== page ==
“The focus upon the human may be misguided. A focus on the activities rather than the people might bring benefits. Moreover, substituting activity-centered for human-centered design does not mean discarding all that we have learned. Activities involve people, and so any system that supports the activities must of necessity support the people who perform them. We can build upon our prior knowledge and experience, both from within the field of HCD, but also from industrial engineering and ergonomics.”

Substituting activity-, or process-, centered for human-, or user, -centered EHR design does not mean discarding user-centered design’s insights. Some user-centered EHR design verges on activity-centered design. 1986’s User-Centered System Design contains seminal insights relevant to activity-based design. Much of traditional user-centered design fits usefully into a larger activity-centered framework. Don’t throw it out like the proverbial baby, just let it grow up and be all it can be (to mix a simile with a slogan).

For example, I often distinguish between structured EHR documents and structured EHR workflows.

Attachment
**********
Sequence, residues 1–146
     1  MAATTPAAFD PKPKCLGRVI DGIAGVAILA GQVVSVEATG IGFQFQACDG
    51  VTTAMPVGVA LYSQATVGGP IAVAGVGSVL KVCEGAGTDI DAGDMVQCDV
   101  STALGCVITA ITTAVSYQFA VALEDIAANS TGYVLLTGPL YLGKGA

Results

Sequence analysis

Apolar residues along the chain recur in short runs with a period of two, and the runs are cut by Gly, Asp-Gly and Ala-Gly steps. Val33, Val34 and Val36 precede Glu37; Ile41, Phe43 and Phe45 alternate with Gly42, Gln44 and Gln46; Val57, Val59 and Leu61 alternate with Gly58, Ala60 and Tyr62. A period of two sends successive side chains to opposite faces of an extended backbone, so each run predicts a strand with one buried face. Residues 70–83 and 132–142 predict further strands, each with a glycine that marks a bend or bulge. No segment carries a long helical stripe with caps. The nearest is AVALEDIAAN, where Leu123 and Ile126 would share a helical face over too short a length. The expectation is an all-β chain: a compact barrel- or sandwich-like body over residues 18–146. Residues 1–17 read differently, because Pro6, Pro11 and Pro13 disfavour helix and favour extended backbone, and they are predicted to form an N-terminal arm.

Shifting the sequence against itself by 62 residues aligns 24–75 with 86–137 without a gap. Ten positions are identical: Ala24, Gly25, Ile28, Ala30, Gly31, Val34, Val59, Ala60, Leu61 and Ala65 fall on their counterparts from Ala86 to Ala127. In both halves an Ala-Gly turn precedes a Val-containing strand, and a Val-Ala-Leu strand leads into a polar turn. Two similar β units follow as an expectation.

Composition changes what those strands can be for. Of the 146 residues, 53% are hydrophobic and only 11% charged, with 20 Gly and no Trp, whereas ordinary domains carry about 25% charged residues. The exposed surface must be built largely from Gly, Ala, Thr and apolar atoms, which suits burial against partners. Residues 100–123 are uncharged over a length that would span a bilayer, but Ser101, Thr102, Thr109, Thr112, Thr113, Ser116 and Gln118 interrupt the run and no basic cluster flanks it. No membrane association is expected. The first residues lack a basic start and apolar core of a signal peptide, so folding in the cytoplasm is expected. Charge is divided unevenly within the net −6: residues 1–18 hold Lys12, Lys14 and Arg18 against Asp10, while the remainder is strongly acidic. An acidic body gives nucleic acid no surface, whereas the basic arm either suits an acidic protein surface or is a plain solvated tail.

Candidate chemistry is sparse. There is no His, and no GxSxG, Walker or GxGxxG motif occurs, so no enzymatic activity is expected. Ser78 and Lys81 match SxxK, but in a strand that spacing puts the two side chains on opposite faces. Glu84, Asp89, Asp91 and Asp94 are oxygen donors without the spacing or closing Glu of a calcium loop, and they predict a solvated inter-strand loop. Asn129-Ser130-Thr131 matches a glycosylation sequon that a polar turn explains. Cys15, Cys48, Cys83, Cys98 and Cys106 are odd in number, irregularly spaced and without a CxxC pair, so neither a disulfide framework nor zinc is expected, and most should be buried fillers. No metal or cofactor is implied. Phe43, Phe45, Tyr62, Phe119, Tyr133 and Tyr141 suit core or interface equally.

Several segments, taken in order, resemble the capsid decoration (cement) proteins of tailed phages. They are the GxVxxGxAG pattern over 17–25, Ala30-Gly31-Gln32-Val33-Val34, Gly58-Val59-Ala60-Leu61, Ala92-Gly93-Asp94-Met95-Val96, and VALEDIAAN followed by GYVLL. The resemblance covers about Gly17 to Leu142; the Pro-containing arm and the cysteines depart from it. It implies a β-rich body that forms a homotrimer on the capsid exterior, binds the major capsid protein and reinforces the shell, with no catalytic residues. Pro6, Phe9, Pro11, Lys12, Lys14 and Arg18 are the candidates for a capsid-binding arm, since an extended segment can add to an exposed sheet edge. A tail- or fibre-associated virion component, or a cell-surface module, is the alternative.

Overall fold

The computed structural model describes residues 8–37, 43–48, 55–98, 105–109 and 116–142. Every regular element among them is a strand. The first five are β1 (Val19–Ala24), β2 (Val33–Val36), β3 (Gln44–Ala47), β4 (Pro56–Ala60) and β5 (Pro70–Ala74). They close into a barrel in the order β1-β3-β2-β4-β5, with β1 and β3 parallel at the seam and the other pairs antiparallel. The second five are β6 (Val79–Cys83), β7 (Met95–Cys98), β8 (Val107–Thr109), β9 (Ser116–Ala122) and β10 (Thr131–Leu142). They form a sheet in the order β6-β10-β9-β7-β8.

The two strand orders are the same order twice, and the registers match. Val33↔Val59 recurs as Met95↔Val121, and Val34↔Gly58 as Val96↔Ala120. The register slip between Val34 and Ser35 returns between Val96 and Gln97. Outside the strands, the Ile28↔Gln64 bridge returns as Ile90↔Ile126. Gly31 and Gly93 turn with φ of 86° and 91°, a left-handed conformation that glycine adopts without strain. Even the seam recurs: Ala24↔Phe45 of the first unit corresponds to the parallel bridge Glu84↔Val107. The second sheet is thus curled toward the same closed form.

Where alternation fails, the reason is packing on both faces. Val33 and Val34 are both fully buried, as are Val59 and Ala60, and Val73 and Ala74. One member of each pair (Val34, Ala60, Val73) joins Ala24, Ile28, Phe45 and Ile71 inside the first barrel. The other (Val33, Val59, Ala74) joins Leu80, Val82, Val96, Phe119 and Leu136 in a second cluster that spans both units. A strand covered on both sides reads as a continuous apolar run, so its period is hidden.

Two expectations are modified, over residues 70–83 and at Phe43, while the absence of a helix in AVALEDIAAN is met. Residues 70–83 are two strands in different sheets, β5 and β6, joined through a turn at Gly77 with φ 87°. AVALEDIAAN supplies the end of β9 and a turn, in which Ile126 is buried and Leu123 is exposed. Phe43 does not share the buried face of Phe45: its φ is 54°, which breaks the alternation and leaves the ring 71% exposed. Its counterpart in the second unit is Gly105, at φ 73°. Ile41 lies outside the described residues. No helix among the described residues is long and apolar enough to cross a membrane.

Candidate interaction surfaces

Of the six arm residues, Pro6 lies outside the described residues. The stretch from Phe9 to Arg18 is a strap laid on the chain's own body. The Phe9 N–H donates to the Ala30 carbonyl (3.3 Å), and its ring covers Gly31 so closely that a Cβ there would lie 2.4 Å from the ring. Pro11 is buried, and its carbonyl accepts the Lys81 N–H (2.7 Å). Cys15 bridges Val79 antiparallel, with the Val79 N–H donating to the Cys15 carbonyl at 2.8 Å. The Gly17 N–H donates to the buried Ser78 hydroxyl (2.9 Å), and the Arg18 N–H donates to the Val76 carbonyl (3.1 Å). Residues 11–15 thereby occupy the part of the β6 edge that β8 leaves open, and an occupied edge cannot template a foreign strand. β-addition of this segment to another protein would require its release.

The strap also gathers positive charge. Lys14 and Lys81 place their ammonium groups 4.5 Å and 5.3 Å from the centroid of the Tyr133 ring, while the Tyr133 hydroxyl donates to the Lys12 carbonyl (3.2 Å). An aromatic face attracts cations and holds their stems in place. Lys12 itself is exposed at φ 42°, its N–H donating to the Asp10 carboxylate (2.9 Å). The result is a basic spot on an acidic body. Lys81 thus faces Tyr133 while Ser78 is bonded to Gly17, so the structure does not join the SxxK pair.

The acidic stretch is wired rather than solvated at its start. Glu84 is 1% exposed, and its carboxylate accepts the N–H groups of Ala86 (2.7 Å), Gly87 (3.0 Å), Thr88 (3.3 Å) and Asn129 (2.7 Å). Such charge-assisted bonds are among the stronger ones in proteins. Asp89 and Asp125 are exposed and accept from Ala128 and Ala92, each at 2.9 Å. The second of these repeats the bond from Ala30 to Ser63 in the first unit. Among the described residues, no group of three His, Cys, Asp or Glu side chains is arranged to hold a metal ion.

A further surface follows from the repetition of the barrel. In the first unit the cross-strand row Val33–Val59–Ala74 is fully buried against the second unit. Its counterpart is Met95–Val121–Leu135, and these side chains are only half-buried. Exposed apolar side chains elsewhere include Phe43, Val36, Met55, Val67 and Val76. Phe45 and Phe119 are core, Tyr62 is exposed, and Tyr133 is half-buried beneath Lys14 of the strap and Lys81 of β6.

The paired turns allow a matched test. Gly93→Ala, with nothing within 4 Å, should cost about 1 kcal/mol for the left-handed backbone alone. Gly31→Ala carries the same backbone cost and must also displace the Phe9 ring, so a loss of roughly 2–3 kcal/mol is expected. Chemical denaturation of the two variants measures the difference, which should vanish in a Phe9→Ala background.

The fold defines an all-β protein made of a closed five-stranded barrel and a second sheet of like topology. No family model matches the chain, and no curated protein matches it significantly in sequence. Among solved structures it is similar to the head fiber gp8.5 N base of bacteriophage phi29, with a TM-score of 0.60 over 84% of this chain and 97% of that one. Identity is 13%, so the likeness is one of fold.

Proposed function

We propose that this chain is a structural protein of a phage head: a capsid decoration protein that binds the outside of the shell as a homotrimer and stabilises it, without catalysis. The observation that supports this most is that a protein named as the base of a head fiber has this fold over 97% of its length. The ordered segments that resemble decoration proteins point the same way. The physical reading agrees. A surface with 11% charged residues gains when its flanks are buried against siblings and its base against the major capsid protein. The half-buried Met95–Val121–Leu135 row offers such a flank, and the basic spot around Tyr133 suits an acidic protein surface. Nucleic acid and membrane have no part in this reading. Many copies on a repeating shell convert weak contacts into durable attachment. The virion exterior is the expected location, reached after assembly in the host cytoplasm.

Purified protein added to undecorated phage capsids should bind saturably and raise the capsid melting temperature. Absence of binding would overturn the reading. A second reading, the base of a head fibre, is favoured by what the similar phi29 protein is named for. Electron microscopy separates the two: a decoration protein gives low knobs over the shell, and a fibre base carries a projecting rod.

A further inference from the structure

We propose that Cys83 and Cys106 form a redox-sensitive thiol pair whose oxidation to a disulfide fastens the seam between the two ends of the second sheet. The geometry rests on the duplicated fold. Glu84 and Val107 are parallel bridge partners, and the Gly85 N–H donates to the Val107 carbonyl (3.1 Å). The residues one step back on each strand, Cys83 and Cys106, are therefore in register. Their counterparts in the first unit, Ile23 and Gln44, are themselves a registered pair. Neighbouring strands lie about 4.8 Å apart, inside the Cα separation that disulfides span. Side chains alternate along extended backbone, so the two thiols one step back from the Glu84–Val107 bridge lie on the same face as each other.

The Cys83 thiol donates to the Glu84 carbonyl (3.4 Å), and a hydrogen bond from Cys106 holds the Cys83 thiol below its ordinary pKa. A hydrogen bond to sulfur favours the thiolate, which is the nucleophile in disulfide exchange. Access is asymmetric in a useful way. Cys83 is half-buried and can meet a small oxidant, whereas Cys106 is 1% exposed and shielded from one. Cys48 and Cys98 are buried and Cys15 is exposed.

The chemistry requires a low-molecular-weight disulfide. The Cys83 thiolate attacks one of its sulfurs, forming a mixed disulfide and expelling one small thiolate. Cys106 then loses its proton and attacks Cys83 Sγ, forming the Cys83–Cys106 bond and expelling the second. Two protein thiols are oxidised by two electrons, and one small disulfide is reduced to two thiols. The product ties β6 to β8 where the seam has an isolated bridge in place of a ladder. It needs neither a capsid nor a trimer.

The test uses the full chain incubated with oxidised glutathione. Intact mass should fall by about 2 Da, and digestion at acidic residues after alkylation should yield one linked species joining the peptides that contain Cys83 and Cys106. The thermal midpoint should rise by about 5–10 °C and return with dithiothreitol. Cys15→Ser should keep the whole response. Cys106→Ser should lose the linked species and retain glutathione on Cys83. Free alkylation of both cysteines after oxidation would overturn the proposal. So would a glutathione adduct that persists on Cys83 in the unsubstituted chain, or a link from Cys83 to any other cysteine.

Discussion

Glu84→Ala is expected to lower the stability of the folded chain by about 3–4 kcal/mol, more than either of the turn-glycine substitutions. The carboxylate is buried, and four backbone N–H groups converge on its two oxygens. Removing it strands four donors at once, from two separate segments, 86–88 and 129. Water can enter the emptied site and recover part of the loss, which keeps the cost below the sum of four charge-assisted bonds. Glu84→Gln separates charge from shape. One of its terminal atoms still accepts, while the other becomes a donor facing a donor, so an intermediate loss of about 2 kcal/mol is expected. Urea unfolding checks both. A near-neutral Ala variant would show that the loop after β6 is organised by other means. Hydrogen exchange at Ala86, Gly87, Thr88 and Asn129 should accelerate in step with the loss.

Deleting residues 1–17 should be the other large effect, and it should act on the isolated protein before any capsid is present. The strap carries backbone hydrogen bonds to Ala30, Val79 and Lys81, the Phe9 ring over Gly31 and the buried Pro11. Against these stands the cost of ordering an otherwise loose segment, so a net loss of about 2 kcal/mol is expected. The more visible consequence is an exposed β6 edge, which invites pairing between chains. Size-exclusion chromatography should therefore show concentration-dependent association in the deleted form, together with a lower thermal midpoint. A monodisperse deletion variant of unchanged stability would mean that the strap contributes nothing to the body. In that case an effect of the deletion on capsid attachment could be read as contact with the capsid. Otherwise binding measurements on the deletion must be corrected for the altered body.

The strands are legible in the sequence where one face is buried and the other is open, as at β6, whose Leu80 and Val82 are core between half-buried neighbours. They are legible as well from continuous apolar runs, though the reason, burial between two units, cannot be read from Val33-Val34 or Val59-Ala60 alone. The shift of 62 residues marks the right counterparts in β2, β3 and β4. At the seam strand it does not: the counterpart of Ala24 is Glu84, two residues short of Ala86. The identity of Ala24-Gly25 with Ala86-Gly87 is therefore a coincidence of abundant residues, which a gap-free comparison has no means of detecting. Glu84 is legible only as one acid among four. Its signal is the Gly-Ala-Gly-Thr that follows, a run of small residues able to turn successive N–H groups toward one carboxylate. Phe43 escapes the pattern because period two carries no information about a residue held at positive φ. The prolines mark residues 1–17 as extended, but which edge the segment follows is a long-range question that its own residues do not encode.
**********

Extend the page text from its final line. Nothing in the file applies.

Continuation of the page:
“[User-centered EHR design] deserve[s] a more instrumented and malleable EHR substrate than current EHRs typically provide….Structured-document-based EHRs and EMRs have relatively frozen workflows. They have no means to use workflow execution context (’enactment’ in BPM parlance) to decide intelligently at run-time what and how to paint content on each screen, and which screens to present in which order based on user who-what-why-when-where-how context. Structured-workflow-based EMRs and EHRs have exactly this means. Combining this means with traditional usability engineering methods promises more systematically improvable EMR and EHR workflow and therefore EMR and EHR usability.” Comment: Usability Expert Jakob Nielsen Would Like EMRs / EHRs with Big Targets, Less Functionality and Better Workflow Management

I couldn’t have said it better myself!

You may be excused if you wonder if activity-centered design and BPM are really related. And, do other people agree with Donald Norman? Yes, on both accounts.

For example: